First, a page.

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Re: Straight-through or Other Processing?

From: Erik Bruchez <ebruchez@orbeon.com>
Date: Mon, 16 Jan 2006 12:44:54 +0100
Message-ID: <43CB8736.2070808@orbeon.com>
To: public-xml-processing-model-wg@w3.org

Alex Milowski wrote:
 >
 > As I see it, we have three kinds of processing models we can
 > consider:
 >
 > 1. Straight-through: a pipeline is a sequence of steps where each step's
 >    output is chained to the next.
 >
 > 2. A dependancy-based model where steps have input dependancies.  A
 >    target is choosen and the sequence of steps is determined by chasing
 >    these inputs down.
 >
 > 3. A parallel model where any step can ask for an additional model and
 >    that causes another pipeline "chain" to execute--possibly in
 >    parallel.

You are introducing the question of imperative vs. functional
programming, which is an important topic as the XML processing model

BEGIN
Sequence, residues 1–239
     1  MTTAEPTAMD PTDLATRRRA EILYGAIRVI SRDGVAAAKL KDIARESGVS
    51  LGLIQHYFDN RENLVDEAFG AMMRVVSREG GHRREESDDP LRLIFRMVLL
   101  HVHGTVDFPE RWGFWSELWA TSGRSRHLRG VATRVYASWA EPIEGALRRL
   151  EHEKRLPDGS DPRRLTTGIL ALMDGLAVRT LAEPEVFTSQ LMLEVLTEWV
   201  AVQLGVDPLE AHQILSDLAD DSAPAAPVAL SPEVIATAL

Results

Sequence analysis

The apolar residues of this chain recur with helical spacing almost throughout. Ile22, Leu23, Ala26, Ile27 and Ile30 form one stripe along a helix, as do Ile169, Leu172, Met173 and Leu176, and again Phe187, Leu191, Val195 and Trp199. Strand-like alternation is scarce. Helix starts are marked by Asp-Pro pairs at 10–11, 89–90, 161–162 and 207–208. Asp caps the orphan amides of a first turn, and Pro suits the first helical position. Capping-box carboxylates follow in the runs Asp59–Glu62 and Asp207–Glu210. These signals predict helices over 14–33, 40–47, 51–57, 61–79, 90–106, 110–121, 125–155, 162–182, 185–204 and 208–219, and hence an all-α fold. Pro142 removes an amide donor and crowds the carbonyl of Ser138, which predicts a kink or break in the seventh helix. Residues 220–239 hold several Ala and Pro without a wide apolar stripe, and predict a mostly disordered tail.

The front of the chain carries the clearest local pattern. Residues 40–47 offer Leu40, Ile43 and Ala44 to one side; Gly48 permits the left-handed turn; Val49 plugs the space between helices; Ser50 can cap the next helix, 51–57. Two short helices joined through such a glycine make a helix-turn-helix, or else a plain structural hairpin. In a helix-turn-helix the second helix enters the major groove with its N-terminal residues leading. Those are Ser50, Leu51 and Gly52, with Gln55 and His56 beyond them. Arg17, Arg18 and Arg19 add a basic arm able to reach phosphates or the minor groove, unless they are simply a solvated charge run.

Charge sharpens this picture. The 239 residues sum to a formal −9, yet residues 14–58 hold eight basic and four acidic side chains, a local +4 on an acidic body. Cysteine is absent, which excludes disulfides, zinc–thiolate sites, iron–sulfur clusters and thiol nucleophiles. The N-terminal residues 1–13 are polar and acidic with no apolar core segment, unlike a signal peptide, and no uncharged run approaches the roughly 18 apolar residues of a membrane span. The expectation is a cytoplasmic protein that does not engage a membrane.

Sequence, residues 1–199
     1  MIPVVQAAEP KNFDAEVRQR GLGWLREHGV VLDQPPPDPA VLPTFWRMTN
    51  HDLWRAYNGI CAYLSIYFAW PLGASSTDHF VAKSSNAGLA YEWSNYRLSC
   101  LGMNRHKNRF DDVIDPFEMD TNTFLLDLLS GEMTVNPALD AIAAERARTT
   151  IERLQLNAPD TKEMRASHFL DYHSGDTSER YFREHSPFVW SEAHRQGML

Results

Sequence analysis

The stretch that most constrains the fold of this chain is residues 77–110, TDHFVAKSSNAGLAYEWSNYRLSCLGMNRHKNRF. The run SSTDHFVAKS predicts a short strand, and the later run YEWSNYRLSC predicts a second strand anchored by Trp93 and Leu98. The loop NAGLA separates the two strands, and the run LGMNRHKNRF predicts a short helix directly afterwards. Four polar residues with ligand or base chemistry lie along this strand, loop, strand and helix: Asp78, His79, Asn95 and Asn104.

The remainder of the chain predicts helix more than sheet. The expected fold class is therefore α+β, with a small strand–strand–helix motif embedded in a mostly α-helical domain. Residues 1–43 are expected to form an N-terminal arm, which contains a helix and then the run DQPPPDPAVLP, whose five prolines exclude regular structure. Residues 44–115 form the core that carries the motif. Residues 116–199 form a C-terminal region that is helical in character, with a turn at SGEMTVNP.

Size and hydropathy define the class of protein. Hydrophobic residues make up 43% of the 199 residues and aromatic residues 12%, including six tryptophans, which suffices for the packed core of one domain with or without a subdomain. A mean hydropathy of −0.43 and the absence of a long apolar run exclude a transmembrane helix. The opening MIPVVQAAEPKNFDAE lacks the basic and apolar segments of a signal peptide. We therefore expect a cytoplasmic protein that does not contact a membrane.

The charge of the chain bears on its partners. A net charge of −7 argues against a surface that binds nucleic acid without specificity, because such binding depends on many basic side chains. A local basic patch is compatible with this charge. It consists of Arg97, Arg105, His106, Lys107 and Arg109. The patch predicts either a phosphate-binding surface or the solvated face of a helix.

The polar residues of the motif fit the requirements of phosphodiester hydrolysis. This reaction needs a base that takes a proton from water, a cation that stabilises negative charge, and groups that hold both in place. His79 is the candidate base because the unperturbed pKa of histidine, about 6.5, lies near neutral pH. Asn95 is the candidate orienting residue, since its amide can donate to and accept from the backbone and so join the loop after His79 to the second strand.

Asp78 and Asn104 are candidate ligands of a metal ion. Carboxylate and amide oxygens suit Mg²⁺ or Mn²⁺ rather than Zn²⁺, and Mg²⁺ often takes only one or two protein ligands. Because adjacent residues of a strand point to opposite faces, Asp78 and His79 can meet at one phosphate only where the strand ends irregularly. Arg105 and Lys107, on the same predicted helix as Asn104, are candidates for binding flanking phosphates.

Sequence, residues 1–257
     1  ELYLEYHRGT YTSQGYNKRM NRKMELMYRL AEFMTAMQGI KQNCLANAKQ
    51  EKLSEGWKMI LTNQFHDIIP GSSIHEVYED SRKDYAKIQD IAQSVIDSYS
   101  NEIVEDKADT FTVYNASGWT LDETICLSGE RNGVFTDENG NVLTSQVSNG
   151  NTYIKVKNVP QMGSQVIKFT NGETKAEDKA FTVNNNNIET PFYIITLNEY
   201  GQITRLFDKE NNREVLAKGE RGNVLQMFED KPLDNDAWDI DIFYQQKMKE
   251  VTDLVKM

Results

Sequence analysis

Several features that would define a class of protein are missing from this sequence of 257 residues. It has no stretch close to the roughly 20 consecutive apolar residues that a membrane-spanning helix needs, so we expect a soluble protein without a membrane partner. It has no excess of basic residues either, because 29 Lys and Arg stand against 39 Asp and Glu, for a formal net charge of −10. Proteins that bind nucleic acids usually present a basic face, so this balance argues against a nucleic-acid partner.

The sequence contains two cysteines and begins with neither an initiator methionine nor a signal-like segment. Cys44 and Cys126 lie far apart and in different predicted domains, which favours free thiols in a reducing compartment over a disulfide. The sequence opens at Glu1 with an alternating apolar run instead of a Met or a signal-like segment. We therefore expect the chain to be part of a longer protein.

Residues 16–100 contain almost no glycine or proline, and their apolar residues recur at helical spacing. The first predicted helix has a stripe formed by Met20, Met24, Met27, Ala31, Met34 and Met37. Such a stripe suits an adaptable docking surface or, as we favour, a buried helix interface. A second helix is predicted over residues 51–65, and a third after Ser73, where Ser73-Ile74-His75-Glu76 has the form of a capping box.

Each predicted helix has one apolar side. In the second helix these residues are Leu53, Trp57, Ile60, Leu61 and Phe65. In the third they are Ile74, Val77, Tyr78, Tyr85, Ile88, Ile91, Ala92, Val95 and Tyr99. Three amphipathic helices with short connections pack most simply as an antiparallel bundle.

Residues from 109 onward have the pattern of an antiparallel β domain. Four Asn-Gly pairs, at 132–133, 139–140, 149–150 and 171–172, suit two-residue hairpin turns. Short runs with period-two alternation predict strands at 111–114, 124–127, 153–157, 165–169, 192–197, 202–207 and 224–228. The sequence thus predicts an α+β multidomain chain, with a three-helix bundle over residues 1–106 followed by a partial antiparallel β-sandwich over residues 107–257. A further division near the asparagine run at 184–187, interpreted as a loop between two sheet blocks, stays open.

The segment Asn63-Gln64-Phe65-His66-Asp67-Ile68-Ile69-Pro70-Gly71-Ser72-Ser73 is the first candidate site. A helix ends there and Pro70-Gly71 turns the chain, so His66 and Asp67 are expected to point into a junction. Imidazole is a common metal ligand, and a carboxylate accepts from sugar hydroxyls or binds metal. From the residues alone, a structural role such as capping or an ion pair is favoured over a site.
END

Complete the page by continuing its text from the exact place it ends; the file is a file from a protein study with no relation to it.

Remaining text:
we will define will probably have to work in one of those two ways.

XPL follows a functional approach, where pipelines and pipeline steps
can be seen as functions with a number of inputs and number of
outputs. Like in functional programming, the processing model follows
the idea of lazy evaluation, i.e. you evaluate only what you need to
produce the requested result(s) (well, your implementation may be free
to evaluate more, but then it will perform useless tasks).

For example, if your pipeline has two outputs, o1, and o2, and an
external consumer requires the XML infoset provided by o1, the
dependencies of o1 will be looked at. If o1 is produced for example by
an XSLT transformation, then that tranformation must run. In turn,
that transformation probably requires inputs, in which case those a
evaluated as needed. Etc. However if o2 is not requested, then its
dependencies do not need to be even looked at.

 From an implementation point of view, the approach is simple to
implement, and it makes sense from a user's point of view too, that is
if you are familiar with functional programming. Of course you are
already familiar with this kind of approach if you know XSLT and
XPath.

The functional approach is firmly rooted in theory but also in
practice. Declarative and functional approaches have been a
"tradition" at W3C, from XSLT, XPath and XQuery as languages to
XForms' calculation model, for example. For these reasons, we at
Orbeon probably have a slight bias toward functional solutions.

-Erik
Received on Monday, 16 January 2006 11:51:45 GMT

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